Manufacturers Will Install 15M+ AI-Enabled Devices by 2024, Report Says
September 25, 2019      

SINGAPORE – A new report by ABI Research says the use of artificial intelligence technologies in the industrial manufacturing space is due for a growth spurt over the next five years. The research firm is predicting that the total installed base of AI-enabled devices in industrial manufacturing will reach 15.4 million in 2024, with a compound annual growth rate of 64.8% from 2019 to 2024.

The company defines AI in industrial manufacturing as “a collection of various use cases at different phases of manufacturing, such as generative design in product development, production forecasting in inventory management, machine vision, defect inspection, production optimization, and predictive maintenance in the production phase.” Despite lots of hype about the impact of AI in manufacturing, “the reality is extremely complex”, ABI said. The findings are part of ABI Research’s Industrial AI Market Tracker data report, which is part of the company’s Industrial & Manufacturing research service.

Lian Jye Su, ABI Research

“AI in industrial manufacturing is a story of edge implementation,” said Lian Jye Su, principal analyst at ABI Research. “Since manufacturers are not comfortable having their data transferred to a public cloud, nearly all industrial AI training and inference workloads happen at the edge, namely on device, gateways and on-premise servers.”

AI chipset manufacturers and server vendors have designed AI-enabled servers designed specifically for industrial manufacturing to address this, ABI Research said. This creates more industrial infrastructure with the capability to be equipped with AI software, or dedicated AI chipsets to perform AI inference.

Maintenance, monitoring tops

Within the different use cases of AI in manufacturing, the research firm said predictive maintenance and equipment monitoring was the most commercially implemented so far, “due to the maturity of associated AI models.” In these areas, the installed base is expected to reach 9.8 million (predictive maintenance) and 6.7 million (equipment monitoring) by 2024. ABI noted that many of these AI-enabled industrial devices support multiple use cases on the same device, due to advances in the AI chipsets. Startups in this space, including Uptake, SparkCognition, FogHorn, and Falkonry, are creating cloud- and edge-based solutions that monitor the performance of industrial manufacturing assets and process flows.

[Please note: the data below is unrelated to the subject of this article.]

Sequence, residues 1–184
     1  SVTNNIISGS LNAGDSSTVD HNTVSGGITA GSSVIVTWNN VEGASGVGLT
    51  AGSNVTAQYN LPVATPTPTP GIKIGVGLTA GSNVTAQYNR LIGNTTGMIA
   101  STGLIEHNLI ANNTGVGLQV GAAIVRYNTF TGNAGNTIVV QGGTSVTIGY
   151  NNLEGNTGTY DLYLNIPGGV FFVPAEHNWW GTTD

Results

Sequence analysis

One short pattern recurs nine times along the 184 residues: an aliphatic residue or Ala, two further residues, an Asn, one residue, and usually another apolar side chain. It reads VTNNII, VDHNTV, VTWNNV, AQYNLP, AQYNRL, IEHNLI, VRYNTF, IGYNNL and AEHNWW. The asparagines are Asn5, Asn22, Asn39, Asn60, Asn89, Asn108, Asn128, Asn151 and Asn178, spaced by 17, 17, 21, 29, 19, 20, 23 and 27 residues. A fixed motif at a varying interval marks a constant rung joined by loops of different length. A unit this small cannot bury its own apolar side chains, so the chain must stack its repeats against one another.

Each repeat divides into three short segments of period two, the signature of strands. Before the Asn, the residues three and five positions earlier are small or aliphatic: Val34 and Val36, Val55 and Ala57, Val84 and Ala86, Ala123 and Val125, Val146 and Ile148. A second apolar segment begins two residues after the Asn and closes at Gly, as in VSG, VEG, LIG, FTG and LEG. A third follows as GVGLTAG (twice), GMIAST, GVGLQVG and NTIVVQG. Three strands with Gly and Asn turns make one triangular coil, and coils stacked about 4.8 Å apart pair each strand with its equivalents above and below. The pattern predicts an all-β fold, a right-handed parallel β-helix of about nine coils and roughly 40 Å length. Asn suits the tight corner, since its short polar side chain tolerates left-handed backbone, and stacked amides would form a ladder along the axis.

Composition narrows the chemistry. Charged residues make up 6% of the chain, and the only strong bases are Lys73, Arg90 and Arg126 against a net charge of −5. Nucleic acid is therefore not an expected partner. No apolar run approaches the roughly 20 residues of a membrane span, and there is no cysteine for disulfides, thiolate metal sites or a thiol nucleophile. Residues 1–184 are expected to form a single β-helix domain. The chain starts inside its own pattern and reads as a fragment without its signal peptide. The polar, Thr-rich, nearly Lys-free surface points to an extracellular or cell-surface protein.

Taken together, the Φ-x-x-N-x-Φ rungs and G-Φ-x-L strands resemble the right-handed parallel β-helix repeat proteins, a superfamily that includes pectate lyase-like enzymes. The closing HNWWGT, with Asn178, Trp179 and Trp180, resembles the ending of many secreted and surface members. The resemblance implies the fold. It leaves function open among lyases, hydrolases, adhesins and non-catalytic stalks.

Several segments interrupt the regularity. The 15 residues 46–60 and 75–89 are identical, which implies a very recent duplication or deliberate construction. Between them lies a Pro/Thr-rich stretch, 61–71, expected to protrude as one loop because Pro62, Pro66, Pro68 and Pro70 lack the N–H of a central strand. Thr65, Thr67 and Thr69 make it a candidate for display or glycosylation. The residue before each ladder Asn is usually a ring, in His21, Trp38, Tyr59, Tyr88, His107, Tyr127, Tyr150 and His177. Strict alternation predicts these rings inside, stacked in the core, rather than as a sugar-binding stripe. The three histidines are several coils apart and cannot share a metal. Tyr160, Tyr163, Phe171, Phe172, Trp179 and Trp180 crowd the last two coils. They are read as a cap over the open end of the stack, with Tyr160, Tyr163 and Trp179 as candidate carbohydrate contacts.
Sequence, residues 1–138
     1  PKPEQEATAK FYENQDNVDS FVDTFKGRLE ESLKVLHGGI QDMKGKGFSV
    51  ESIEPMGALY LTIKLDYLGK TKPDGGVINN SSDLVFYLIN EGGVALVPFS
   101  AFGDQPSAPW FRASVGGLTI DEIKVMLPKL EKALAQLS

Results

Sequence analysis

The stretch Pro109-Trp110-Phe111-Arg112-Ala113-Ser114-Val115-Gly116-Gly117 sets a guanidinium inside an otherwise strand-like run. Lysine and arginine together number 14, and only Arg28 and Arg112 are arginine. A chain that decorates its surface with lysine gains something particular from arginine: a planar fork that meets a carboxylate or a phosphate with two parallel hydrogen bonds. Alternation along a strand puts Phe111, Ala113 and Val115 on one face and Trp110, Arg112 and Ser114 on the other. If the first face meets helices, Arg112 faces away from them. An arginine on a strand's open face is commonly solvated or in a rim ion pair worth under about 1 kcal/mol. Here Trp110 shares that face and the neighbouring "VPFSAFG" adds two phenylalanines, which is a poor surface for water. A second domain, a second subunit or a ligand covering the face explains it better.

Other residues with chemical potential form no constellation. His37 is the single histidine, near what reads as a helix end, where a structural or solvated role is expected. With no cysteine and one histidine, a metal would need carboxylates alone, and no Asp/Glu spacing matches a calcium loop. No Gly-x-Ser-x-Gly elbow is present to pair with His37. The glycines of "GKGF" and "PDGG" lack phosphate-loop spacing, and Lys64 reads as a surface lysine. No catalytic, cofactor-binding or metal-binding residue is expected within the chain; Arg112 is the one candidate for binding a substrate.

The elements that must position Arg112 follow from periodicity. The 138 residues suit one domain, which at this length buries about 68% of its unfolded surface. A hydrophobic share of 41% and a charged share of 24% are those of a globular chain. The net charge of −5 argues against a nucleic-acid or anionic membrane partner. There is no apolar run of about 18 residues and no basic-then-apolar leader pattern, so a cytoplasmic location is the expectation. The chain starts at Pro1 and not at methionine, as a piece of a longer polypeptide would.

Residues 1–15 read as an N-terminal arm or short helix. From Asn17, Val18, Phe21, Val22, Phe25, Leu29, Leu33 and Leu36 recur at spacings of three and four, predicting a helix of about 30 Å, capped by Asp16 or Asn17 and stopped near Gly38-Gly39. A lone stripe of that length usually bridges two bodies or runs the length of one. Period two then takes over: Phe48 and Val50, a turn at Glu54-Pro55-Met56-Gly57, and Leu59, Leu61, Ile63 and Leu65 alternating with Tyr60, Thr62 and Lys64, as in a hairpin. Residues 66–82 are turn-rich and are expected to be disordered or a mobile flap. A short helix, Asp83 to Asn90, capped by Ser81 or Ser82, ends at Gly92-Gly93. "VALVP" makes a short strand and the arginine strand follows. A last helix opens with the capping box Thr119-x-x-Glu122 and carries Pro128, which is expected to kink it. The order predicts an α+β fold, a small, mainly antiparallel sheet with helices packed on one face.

A third area that is gaining momentum is defect inspection, the firm added, with a total installed base expected to grow from 300,000 in 2019 to more than 3.7 million by 2024. This use case is extremely popular in electronic and semiconductor manufacturing, where manufacturers such as Samsung, LG, and Foxconn have been partnering with AI chipset vendors and software providers, including CEVA, Gyrfalcon Technology, Lattice Semiconductor, Instrumental, Landing AI, and Neurala, to develop AI-based machine vision that can perform surface, leak, and component-level defect detection, microparticle detection, geometric measurement, and classification.

“Conventional machine vision technology remains popular in the manufacturing factory, due to its proven repeatability, reliability, and stability,” ABI Research said. “However, the emergence of deep learning technology opens the possibility of expanded capabilities and flexibility.” The new algorithms can find unexpected product abnormalities or defects that go beyond existing issues to uncover new insights for manufacturers.

The report also said manufacturers are facing “enormous competition” in building and training in-house data science teams for AI implementation. “Most AI talents prefer to work with webscale giants or AI startups, making talent acquisition a challenging task for industrial manufacturers.”

“As such, they are left with one viable option, which consists of partnering with other players in the AI ecosystem, including cloud service providers, pure-play AI startups, system integrators, chipset and industrial server manufacturers, and connectivity service providers,” said Su. “The diversity in AI use cases necessitates the creation of partnerships.”